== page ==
I can reveal an exciting Brits secret – Johnny Depp will present Oasis with their special achievement gong at next year’s ceremony.

The Pirates Of The Caribbean star jumped at the chance to hand over the Oustanding Contribution To Music gong to his pals.

Johnny became mates with Noel Gallagher back in the ’90s after they met through their then girlfriends, Kate Moss and Meg Mathews.

The actor even played slide guitar on the song Fade In-Out, which is on the No1 Oasis album Be Here Now.

A Brits source said: “The awards are shaping up to be bigger and better than ever.

“This year it’s going back to being broadcast live so the organisers have gone for huge names to spice it up.

“Having Johnny Depp there is a massive coup. Getting Oasis is amazing enough but they needed to have someone iconic to present.”

It’s a huge turnaround by Oasis too.

Last year they refused to allow the use of any material from their videos at the Brits because they felt snubbed in the Best Band category. But bosses realised they had made a mistake and the Oustanding Contribution award has built bridges.

I can also disclose that Amy Winehouse will perform a duet — possibly with Pete Doherty.

I revealed last month the Rehab singer and rehab regular have already been in the studio writing together.

That wild pairing sounds like a Rock ’n’ Roll car crash waiting to happen — exactly what the show needs.

A source said: “She’s mad. There is no holding back with Amy, she does exactly what she wants.

“Her and Pete could be an explosive combination.

Their act would definitely have to be screened after the watershed.”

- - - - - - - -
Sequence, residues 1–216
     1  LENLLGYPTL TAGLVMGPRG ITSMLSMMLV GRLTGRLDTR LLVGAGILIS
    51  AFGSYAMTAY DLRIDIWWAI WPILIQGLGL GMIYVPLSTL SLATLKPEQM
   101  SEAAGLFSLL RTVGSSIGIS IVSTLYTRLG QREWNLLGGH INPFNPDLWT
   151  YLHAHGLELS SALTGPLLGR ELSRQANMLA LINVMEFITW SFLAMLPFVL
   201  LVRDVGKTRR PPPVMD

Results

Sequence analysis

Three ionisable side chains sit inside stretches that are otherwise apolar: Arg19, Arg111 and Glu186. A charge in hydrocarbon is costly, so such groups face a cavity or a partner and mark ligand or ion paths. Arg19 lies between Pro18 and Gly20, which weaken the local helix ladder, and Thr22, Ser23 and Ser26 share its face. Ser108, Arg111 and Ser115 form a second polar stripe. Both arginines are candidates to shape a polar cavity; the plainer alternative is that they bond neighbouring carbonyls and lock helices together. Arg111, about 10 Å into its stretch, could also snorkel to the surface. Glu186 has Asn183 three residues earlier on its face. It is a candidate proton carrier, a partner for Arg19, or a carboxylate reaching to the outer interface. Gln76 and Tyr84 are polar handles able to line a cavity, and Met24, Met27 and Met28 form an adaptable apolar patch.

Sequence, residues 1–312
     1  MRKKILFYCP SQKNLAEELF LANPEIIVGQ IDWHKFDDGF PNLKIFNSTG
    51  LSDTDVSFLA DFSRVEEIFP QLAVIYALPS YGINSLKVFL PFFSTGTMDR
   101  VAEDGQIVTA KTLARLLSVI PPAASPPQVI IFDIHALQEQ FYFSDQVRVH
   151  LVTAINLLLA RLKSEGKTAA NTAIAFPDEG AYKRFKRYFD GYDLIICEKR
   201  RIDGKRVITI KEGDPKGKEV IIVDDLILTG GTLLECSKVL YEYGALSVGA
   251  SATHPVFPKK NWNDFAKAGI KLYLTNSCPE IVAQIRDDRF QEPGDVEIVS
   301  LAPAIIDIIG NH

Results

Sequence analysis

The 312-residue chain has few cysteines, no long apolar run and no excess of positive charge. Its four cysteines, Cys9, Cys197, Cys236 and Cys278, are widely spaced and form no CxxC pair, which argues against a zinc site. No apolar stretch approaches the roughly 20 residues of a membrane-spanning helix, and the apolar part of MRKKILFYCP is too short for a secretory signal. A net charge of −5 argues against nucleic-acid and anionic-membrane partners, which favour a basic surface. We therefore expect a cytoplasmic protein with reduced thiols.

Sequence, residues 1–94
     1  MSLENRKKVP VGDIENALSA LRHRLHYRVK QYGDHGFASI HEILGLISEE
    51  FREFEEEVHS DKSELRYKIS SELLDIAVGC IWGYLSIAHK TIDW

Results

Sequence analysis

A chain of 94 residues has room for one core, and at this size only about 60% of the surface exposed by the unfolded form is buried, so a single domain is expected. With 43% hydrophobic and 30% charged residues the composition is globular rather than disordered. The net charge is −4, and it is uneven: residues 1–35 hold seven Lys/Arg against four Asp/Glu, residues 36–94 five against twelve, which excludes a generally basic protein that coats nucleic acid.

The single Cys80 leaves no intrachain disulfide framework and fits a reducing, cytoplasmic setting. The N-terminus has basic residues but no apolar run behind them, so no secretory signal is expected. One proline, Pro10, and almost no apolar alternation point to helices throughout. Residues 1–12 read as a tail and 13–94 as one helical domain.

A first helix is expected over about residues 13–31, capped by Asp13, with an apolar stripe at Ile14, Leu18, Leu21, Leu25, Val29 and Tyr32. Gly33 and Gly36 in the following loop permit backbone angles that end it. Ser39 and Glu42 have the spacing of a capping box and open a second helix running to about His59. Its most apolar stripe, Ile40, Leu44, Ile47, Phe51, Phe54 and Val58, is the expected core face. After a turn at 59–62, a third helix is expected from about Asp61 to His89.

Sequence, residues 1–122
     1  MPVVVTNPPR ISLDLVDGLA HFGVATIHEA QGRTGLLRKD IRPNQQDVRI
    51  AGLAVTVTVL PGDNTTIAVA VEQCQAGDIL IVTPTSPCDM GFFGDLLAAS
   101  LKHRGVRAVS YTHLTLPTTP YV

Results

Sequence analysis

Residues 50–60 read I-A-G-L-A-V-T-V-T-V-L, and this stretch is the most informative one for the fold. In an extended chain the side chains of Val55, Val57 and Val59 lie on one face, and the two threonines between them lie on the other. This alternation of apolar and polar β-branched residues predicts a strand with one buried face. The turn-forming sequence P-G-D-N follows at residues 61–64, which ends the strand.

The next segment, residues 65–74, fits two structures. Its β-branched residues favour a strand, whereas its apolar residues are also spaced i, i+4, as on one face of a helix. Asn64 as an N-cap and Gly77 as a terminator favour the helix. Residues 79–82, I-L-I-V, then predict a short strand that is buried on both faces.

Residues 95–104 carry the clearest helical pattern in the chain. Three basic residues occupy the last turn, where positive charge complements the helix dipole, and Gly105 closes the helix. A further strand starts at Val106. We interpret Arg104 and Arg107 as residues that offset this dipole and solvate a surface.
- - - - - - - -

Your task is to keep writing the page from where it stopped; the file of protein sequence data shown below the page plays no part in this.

Red Hot Chili Peppers will open the Valentine’s day show, then Russel Brand and Fearne Cotton will introduce live acts Scissor Sisters, Take That and Razorlight.

The Earls Court extravaganza is going to be the 2007 awards show you just can’t miss.

Source: www.thesun.co.uk

Noel Gallagher 100 Greatest Albums



Thanks To Jono5525

Some Might Sway











Thanks to his love of booze, Noel Gallagher's 2006 has been Definitely Mayhem.

That's why readers of Bizarre have voted Oasis's reborn rogue their Caner of the Year.

To celebrate, we've created a lager-than-life new game based on Noel's beery antics.

In the game, Noel staggers home after a night on the lash – swaying from side to side as he goes.
Your job is to stop him toppling over.

Every time Noel lurches to the left, pull him upright by dragging your mouse to the right.

Every time he lurches to the right, drag your mouse to the left.

To start playing, click on the pic above.

It's time to teach Noel the Importance of Being Vertical.

Source: www.thesun.co.uk

21 December 2006

Liam's Next Job : God















The outspoken Oasis singer joked he will try his hand at being The Almighty when he is finished with music.

He said: “After music I wouldn’t mind having a crack at being God.

“That’s a good job, that’d be all right.

“That’s definitely the next highest one, innit? Being in Oasis then being f***ing God! I wouldn’t mind giving that a crack.”

However, the hell-raising rocker, notorious for his wild antics, is no saint and has rubbished today’s musical talent as “f***ing lightweights”.

Most of his venom was saved for Keane lead singer Tom Chaplin, who was treated for drug addiction at London rehab clinic The Priory this year, and Kate Moss’ junkie boyfriend, Babyshambles frontman Pete Doherty.

He fumed: “All these f***ing idiots today, they have one little line, one burn and they’re all in The Priory!

“I mean f***ing Keane - what’s all that about! And Pete Doherty! Don’t get me started on him. It’s like, Pete Doherty? What! You’re cabbaged already? How old are you? Posh boys can’t take drugs man - they’re f***ing lightweights.”

Source: BANG Media International